In the following information all the names, dates and other essential particulars which appear in the returns to the Court in the County of Worcester during the entire period – a full half-century, from 1737 to 1788 – in which these entries were made, are given. The returns from each place have been brought together and arranged under the name of the town or district, in this case Bolton Massachusetts.
List of persons buried in the Upper Octorara Presbyterian Church Cemetery, Chester County, Pennsylvania. Information includes date of death and known age at death if provided on headstone.
Luedders’ historical and pictorial city directory of Angola, Indiana for the year 1923, containing an historical compilation of items of local interest, a complete canvass of names in the city, which includes every member of the family, college students, families on rural lines, directory of officers of county, city, lodges, churches, societies, a directory of streets, and a classified business directory.
Every one who had had any relations with the Department of Labor in the state government during the last year realizes that Governor Capper could not have made a better ehoice for the office of State Labor Commission than when he selected Paul J. McBride for these important responsibilities. To his official duties Mr. McBride brought a long and varied experience, most of it obtained in the ranks of organized labor. He is in close touch with the men who toil and he also had that breadth of mind and sympathies which are the fruit of association with people and
N. J. McBRIDE. With the advance of time, civilization, wealth and population, it becomes necessary that a large number of men should turn their attention to the general mercantile business and make the wants of their patrons their constant thought and study. A gentleman who is engaged in this line and whose reputation for intelligence and integrity materially adds to his success, is N. J. McBride, whose principal place of business is in the town of Marshall, although he is also the owner of well-conducted establishments at Springtown and Snow Ball. He was born in Yell County, Arkansas, September 2,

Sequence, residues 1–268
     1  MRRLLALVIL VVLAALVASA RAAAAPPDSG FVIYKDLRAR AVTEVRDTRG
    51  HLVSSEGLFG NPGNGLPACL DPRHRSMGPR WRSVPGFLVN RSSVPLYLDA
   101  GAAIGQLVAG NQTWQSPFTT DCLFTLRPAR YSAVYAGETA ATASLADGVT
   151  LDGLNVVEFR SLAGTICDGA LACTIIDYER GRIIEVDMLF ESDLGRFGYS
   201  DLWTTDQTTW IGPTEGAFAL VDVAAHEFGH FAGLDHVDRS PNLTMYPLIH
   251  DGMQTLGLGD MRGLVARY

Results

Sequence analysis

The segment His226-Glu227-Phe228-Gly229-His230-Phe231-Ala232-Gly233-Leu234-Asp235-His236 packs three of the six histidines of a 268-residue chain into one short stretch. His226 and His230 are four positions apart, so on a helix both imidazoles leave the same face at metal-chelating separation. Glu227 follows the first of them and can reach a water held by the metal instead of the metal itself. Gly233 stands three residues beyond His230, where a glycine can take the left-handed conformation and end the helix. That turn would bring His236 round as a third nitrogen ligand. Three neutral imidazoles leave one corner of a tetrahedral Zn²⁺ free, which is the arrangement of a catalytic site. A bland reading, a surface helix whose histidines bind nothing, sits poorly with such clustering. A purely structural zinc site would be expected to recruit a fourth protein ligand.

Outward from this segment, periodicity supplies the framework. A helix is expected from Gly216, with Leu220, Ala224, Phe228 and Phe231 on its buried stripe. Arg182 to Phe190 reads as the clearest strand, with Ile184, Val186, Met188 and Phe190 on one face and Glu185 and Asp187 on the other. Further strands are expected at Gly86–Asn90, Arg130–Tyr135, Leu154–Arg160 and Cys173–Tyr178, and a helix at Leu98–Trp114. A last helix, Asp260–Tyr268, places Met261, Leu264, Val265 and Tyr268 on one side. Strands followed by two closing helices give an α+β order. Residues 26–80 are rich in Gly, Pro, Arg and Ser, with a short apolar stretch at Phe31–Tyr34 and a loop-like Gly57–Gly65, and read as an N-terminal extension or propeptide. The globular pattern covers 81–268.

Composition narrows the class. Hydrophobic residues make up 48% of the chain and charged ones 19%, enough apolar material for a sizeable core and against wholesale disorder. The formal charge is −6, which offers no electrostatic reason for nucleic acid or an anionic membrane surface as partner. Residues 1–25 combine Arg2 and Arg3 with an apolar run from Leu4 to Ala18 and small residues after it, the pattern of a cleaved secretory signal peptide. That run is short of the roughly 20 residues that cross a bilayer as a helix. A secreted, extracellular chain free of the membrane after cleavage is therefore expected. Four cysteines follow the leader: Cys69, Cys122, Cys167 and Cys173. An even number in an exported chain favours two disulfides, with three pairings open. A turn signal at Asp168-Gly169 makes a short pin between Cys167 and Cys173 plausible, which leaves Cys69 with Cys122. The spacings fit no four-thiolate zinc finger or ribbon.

McBride, Malcolm; plumber, born, Glasgow, Scotland, April 29, 1865; son of Daniel and Marion Ferguson McBride; educated in West Chester, Pa., public schools; married, Cleveland, Dec. 24, 1889, Clara Budbill; issue, three sons; came to West Chester, Pa., from Glasgow, Scotland, in 1879; came to Cleveland in June, 1884; worked as journeyman plumber until June, 1908, then became successor to his uncle, A. A. Parker, in the plumbing business; member Cleveland City Lodge No. 15, F. & A. M., also Oak Lodge No. 77, K. of P.
P. H. McBride, M. D., a well-known physician of Coffee County, was born in that county, December 27, 1825. He is the son of William S. and Milly (Conwell) McBride, the former born at Lynchburg, Va., and the latter born at Abbeyville, S. C. in 1801. They died in 1879 and 1877 respectively in Coffee County, where he was a farmer. Our subject, one of ten children, after his school life ended, was for two years a blacksmith. Serving in the Mexican war for over a year, he fought at Vera Cruz and Cerro Gordo. Returning to Coffee County he
Corpl., Btry. F, 30th Div., 113th F. A. Born in Cabarrus County. Entered the service July 7, 1917, at Concord, N.C. Was sent to Morrisville, N.C., then to Camp Sevier, S. C. Attached to 4th Army Training School for Officers at Camp Sevier, S. C. Transferred to 1st Developing Regt. Mustered out at Camp Sevier, S. C., Dec. 19, 1918.
John McBride, farming and stock; P. O. Arcola; was born in Somerset Co., N. J., Jan. 10, 1840. He married Miss Annie P. Koymer Dec. 1, 1864; she was born same place, Dec. 1,1847; they have one child, viz., Minnie. He lived in New Jersey until he was 24 years old, when on being married he came to Illinois and settled in North Okaw Tp., of Coles Co.; in 1867, he moved to this township and settled near his present place, to which he came in 1874; he has been Collector in this township one term he owns eighty acres
Albert P. McBride. In the oil and gas districts of the Southwest no name had a greater significance as an operator, developer, and as a vitalizer of the resources and industries covering several states, than that of Albert P. McBride of Independence. Mr. McBride began his operations as an oil well contractor and producer more than thirty-five years ago. He had supplied enthusiasm, faith and much of the material means necessary to develop the oil and gas resources of Kansas, Oklahoma and Texas. Associated throughout practically all his career with C. L. Bloom, he bore the brunt of responsibilities in